Updated 27/3/13: We received an email from German website Techstage which seems to explain the mysterious behavior of the HTC One at ISO 800. According to them, even though we manually set the ISO to 1600, the camera might still take pictures at lower ISO settings in good lighting conditions. But it'll still save the EXIF data in the JPEG as ISO 1600, instead of the actual value.
This seems to bear out when we checked our test images and their shutter speeds. In our lab test with indoor lighting, the HTC One progressively reduced shutter speeds as ISO increased; the more sensitive the sensor was to light, the less time it needed to open up its shutter. At ISO 800, the One recorded a shutter speed of 1/120th of a second. At ISO 1600 however, the shutter speed jumped back down to 1/30th of a second, which is identical to the shutter speed required at ISO 200. Indeed, looking at the shots taken at ISO 200 and ISO 1600 now, they look remarkably similar.
In our extreme low-light test however, the shutter speeds remained constant at 1/20th of a second throughout all the ISO ranges.
In short, it seems that the HTC One has two bugs - one; it won't always listen to your command to set the ISO speed, secondly; it will report in the EXIF data that it did even though it didn't. Techstage says that the HTC product manager they are in contact with said there would be a firmware update to fix the issue, and that the issue has been confirmed directly by HTC Taiwan.
We have reached out to HTC Singapore for a comment but they were unable to issue one at press time. Until we have confirmed the issue with HTC ourselves we're letting the ISO 800 test images stand, but they should be considered suspect. Techstage's original article about the issue can be found here (in German).
Updated 26/3/13: HTC has clarified that the second unit which we received "has the final commercial firmware, compared to the original unit which was pre-production and had an isolated hardware issue, which resulted in differences between the two sets of photos taken with both devices." According to our understanding, all the commercial sets which will launch in April will come already updated with this firmware. As such, there will be no second camera update for the One, unlike what we previously wrote below.
HTC deserves recognition for taking a bold, unconventional step towards improving image quality with the 4MP HTC One. However, the proof of the pudding is in the eating, and HTC's implementation of 'ultrapixels' doesn't convey any significant advantage to image quality over the better camera phones of today. There's more to image quality than just the size of a photosite, just as there's more to it than just megapixel count. There's also the matter of optics, and how the image engine processes the images coming out of a sensor.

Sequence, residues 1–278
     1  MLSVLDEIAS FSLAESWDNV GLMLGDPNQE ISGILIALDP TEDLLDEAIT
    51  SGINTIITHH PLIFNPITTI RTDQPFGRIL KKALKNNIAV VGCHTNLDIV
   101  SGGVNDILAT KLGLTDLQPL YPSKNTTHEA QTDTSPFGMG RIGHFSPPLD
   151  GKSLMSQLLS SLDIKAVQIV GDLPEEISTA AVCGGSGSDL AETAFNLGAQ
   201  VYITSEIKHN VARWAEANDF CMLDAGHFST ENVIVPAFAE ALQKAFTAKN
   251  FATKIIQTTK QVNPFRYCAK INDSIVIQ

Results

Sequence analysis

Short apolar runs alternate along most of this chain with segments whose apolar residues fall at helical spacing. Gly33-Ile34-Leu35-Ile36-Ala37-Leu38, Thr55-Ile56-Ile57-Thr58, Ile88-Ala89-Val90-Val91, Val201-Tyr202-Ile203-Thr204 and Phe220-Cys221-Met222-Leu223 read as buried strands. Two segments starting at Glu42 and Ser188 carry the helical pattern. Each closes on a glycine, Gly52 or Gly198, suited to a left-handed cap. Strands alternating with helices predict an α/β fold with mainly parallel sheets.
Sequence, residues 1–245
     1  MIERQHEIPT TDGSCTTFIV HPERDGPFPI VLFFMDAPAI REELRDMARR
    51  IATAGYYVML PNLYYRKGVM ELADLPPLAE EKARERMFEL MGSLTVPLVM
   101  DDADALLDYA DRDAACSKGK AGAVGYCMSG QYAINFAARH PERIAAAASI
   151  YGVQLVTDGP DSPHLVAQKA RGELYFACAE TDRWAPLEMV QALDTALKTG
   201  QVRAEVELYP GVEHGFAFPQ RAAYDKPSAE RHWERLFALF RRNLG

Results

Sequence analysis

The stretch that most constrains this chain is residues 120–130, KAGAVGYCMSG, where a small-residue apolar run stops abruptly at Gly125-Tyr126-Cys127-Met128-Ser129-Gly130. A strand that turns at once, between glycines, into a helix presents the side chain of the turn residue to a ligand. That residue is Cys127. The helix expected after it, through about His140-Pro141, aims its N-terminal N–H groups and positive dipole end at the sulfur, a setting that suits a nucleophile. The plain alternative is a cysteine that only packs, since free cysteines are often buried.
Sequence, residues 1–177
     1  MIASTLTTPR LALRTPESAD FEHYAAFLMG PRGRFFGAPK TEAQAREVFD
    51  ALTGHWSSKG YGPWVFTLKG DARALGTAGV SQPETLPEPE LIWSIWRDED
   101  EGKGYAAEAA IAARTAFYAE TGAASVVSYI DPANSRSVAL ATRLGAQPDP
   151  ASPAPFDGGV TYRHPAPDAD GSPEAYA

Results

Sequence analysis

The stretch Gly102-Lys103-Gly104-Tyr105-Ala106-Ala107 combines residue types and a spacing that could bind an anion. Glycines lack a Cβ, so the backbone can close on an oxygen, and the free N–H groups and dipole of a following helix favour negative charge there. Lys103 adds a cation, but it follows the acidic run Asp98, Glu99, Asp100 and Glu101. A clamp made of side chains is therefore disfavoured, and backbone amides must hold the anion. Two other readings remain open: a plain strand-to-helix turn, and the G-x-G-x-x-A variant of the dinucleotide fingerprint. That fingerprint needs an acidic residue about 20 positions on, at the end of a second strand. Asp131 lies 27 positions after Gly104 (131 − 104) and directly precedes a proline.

It's not that the HTC One's camera is entirely bad, if you're using the pictures just for social media, we doubt that most will notice the loss in image detail when viewing on their desktop browser or on another mobile phone. AF is snappy and the shutter is generally fast to respond. But there's also no special need to abandon the 8MP camera phones of today for the 4MP on HTC One. You'd sacrifice image detail for no noticeable improvements in low-light.
There's also the archival question; years from now your 8MP photos will still look decent on a future, more pixel-dense monitor. Your 4MP photo will not. This reviewer still has 3MP photos taken way back when with his first Fujifilm digital camera, and they look woefully small today on his PC monitor. If you print however, the HTC One's largest image resolution, 2688 x 1520 will give you a maximum print size of 8.96 x 5.06 inches at 300ppi, nearly A5 size or somewhere in-between 5R and 6R, which is a decent size.
If you do already have a HTC One and it's shooting images with soft corners, watch out for the camera firmware update which HTC tells us is coming in April for the general public - you'll see a noticeable difference in image quality. With both the previous and new HTC One phones though, we observed the same weirdness happening at ISO 800 - pictures shot at that setting appear softer and noisier, even noisier than ISO 1600.
About the other smartphones - the Nokia 808 Pureview is the undisputed best camera phone you can buy. However, since it's running on Symbian and the auto-focus is decidedly laggy, it's also the camera phone that nobody should buy. Still, it's groundbreaking technology and we're surprised that one year after its announcement, we still haven't seen any other Nokia phone use the same 41MP sensor.
We'd have loved to have the iPhone 5 show up more in the tests, but without a way to control the ISO, we can't conduct a proper 1:1 comparison yet. All we can say is that it looks like the iPhone has the second-best lens in this selection behind only the Nokia 808 PureView, with consistently sharp corner to corner performance. But it does also have a well-documented purple lens flare issue.
So, discounting the iPhone 5, from our small comparison it looks like the Nokia Lumia 920 is the best bang for your buck when it comes to image performance. It's not perfect - images are a little soft - but it delivers the best balance between image detail capture and image noise. It also has optical image stabilization, which is not available on the iPhone (but is available on the HTC One).